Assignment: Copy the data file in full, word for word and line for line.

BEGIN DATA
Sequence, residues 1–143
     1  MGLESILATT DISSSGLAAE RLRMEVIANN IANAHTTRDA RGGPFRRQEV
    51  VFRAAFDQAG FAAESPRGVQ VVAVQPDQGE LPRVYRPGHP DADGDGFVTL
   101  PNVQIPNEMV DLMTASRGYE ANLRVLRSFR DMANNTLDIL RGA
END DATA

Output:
Sequence, residues 1–143
     1  MGLESILATT DISSSGLAAE RLRMEVIANN IANAHTTRDA RGGPFRRQEV
    51  VFRAAFDQAG FAAESPRGVQ VVAVQPDQGE LPRVYRPGHP DADGDGFVTL
   101  PNVQIPNEMV DLMTASRGYE ANLRVLRSFR DMANNTLDIL RGA